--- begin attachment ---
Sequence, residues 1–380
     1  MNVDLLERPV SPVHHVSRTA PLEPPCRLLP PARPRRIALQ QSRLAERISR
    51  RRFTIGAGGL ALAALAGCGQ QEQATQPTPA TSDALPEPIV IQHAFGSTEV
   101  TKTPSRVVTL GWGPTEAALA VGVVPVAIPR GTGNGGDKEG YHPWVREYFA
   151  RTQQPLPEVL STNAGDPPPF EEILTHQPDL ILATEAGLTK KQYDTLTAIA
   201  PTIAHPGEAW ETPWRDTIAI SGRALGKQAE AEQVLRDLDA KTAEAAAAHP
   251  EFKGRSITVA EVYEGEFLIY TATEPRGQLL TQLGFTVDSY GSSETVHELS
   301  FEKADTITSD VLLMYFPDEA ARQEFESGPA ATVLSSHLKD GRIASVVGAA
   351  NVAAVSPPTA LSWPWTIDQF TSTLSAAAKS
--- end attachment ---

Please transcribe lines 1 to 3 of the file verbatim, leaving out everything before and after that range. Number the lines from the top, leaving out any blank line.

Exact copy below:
Sequence, residues 1–380
     1  MNVDLLERPV SPVHHVSRTA PLEPPCRLLP PARPRRIALQ QSRLAERISR
    51  RRFTIGAGGL ALAALAGCGQ QEQATQPTPA TSDALPEPIV IQHAFGSTEV